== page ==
Couch To 5K – Part One

Four years have passed since I last felt the intoxicating buzz of finishing a half marathon run. The relief of crossing the finish line, the overwhelming sense of achievement, the anticipation of finding out if you had beaten your previous best.

Edinburgh Half Marathon

My knee injury seemingly happened overnight. I took a couple of weeks rest, as usual after a big race, and decided to start off with an easy 30 minute jog around my old route back on my wee home island. I felt some pain in the outside of my knee in the last five minutes but pushed through thinking it would be nothing. For the rest of the evening any walking down slopes or stairs was excruciating. I done some research and asked around my running friends for advice. It sounded like Iliotibial Band Syndrome or “Runners Knee” – the remedy prescribed to me was rest, foam rolling and stretching.

Four years, hours of rolling, stretching and resting, many physiotherapy sessions, X-Rays and an MRI scan had passed and I was no closer to getting back to running. Anyone who has had a long term injury will understand the frustration of feeling like you are forever fighting a losing battle with your body. I understand that I am incredibly fortunate that I can do many other things including my two big loves in sport: Wakeboarding and Mountain Biking, but there is still this part of me missing, this strength and resilience and pride that comes from leaving my front door and pounding the pavement for miles, constantly pushing the boundaries of what my body can accomplish.

I felt hopeless. Completely hopeless.

C25K – Available on Andriod and Iphone

A number of weeks ago my good friend began running, using a Couch to 5K app on her phone and started logging her runs on her Instagram stories. I had known about running apps such as Nike+ for measuring speed and distance, but this was the first time I had heard of an app that takes you from a beginner to running a full 5K over a course of weeks. It got me thinking, could this work for me?

One of my biggest problems in recovery has been moderation. Bringing runs down to mostly walking over the course of 20 minutes instead of a 10 mile run with a 9 min/mile pace proved difficult. The C25K app does the work for you, telling you when to run and walk, slowly building up the intensity and duration of runs.

Now that I am at the half way point of the eight week programme I decided to share my progress and my thoughts on the C25K app as a rehab tool.

The app breaks each week down into three days of running each. Each day follows the same routine for the week. When you complete the run you get a satisfying green tick on that day. The app allows you to play music using other media players, whilst giving instructions on when to begin running/walking. The half way and “one minute left” markers are small but encouraging touches that can give you the extra push to run that bit faster or simply to keep you moving when you want to stop.

Making use of the Helix Park nearby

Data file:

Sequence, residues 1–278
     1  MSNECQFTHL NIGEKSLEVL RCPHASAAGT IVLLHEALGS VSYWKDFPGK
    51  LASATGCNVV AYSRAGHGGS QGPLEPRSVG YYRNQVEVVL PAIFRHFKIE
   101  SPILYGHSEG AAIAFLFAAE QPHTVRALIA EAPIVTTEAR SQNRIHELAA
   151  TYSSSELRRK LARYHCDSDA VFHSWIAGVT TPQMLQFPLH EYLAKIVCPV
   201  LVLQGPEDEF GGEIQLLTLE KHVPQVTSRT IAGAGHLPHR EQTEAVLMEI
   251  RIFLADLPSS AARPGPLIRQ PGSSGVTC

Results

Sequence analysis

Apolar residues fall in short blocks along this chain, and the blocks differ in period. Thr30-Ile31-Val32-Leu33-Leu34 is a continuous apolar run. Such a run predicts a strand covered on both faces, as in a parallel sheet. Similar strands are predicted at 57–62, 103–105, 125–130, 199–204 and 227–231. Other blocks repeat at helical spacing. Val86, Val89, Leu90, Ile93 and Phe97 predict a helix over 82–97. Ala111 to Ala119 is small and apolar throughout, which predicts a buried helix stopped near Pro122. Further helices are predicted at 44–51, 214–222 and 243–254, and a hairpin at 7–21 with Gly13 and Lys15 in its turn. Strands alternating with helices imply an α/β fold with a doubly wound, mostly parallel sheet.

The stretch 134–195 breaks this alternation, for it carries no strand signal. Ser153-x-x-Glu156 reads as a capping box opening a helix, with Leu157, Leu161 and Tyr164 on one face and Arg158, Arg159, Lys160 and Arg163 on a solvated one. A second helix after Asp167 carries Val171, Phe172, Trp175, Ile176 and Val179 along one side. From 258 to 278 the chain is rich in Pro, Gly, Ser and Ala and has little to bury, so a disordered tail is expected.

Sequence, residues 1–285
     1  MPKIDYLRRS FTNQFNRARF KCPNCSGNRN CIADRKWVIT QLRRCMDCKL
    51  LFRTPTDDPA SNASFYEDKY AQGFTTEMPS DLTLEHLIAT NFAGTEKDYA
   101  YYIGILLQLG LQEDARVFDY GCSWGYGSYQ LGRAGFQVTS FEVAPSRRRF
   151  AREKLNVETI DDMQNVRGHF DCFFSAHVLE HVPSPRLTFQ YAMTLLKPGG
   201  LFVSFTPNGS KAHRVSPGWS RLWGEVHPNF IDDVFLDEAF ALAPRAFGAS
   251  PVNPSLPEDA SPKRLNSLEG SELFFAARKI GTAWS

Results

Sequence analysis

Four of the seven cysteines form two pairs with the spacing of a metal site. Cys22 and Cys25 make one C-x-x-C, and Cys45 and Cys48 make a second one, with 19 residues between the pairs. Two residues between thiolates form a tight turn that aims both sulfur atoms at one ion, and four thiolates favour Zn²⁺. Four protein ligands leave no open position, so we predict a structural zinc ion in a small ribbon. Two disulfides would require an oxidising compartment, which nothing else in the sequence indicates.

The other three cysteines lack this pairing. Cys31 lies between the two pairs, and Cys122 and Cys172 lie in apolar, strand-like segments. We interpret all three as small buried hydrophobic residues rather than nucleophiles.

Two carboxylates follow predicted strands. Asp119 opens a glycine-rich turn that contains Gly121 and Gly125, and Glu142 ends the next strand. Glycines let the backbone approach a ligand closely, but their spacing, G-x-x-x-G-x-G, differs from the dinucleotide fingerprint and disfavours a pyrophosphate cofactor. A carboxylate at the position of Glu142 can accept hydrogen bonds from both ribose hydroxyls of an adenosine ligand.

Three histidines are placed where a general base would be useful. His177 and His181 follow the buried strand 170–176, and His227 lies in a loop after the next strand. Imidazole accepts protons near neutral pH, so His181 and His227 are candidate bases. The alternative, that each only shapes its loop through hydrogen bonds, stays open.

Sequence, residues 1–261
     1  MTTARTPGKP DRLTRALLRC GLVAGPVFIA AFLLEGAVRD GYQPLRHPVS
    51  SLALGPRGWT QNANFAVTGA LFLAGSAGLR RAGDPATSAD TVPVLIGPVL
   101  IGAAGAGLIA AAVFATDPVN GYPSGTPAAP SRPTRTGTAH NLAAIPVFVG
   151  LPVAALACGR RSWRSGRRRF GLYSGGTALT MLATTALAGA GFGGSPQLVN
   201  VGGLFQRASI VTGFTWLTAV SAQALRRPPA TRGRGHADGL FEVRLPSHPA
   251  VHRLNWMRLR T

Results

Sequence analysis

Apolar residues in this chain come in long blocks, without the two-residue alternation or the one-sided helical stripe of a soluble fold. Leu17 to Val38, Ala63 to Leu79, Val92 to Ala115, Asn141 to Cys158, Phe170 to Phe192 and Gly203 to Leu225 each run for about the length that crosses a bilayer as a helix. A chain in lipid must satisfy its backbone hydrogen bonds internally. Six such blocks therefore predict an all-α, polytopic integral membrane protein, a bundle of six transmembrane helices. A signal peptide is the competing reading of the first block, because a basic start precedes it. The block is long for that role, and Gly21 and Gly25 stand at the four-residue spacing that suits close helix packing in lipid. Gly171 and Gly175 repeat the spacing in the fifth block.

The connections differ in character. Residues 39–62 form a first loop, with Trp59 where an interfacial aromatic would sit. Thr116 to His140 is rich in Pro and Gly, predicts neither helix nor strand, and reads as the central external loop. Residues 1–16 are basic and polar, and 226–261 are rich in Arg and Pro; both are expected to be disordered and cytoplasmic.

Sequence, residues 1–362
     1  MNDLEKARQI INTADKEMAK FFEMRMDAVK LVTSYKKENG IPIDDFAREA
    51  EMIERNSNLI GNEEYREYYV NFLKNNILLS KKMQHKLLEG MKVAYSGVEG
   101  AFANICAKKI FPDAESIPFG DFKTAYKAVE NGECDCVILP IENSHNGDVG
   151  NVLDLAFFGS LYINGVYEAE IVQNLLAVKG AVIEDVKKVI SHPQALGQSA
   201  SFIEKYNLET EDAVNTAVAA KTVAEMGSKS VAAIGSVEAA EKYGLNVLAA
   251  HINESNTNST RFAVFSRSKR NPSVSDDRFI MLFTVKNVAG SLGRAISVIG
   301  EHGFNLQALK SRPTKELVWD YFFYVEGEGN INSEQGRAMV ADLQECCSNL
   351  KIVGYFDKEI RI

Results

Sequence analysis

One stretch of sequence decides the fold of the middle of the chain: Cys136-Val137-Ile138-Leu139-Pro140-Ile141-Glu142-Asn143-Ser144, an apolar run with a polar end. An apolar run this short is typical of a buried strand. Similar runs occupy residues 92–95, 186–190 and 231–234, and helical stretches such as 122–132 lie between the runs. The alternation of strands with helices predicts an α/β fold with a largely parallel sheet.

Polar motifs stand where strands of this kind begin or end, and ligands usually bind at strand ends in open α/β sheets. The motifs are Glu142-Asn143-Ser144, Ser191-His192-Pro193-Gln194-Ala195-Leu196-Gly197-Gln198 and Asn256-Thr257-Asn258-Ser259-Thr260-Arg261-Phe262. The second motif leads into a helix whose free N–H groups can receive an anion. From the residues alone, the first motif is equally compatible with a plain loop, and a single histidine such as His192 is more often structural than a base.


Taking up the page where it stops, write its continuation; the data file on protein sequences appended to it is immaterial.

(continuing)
Week 1

  • 5 min walk warm up
  • 60 sec jog, 90 sec walk for 20 min
  • 5 min cool down
  • Total workout time – 30 mins

Doubt plagued my mind in the preparation for my first run. Looking at how little running was involved over the 30 minute workout felt embarrassing thinking back to how easy an hour of constant running used to feel. Unsurprisingly with so much time away from running, this week was difficult to find my feet again. I barely picked my feet off the ground when I was running, a mix of fear and fatigue weighing me down.

Week 2 

  • 5 min walk warm up
  • 90 second jog, 2 min walking for 21 min
  • 5 min cool down
  • Total workout time – 31 min

The step up of running time was small but significant. That extra 30 seconds made me feel like I was going somewhere, making small but steady progress. So far I was loving this app.

Week 3

  • 5 min walk warm up
  • 90 second jog, 90 second walk, 3 minute jog, 3 minute walk(x2)
  • 5 min cool down
  • Total workout time – 28 mins

I was sceptical about running for three minutes constantly as previously three minutes had been my absolute limit before the pain in my knee became overwhelming. Suprisingly week three had been the easiest week so far. My legs were getting used to working this way again, I had worked out good places to run in the area, things were coming up Milhouse.

Week 4

  • 5 min walk warm up
  • 3 min jog, 90 second walk, 5 min jog, 2.5 min walk
  • 3 min jog, 90 second walk, 5 min jog
  • 5 min cool down
  • Total workout time – 31 min 30 seconds

After day one I started feeling like I was getting back to my old self, back to the glory days of running, daydreaming about what races could possibly be entered in the next year. On the last day of Week 4 however my knee started to ache throughout the last five minutes. In the rest days leading up to week 5 I will be massaging and stretching out my legs in the hope that the pain will have passed and that the progress will continue. Stayed tuned for Part Two to find out if this is the end of my rehab journey or if I can complete the programme pain free.

Hoping my legs will keep the momentum going

One Comment Add yours

  1. This sounds a very similar format to my tibial stress injury rehab, have to say it’s been a long and tedious few months but it’s really paying off – hoping you’ll have similar results for your ITB! x

    Liked by 1 person

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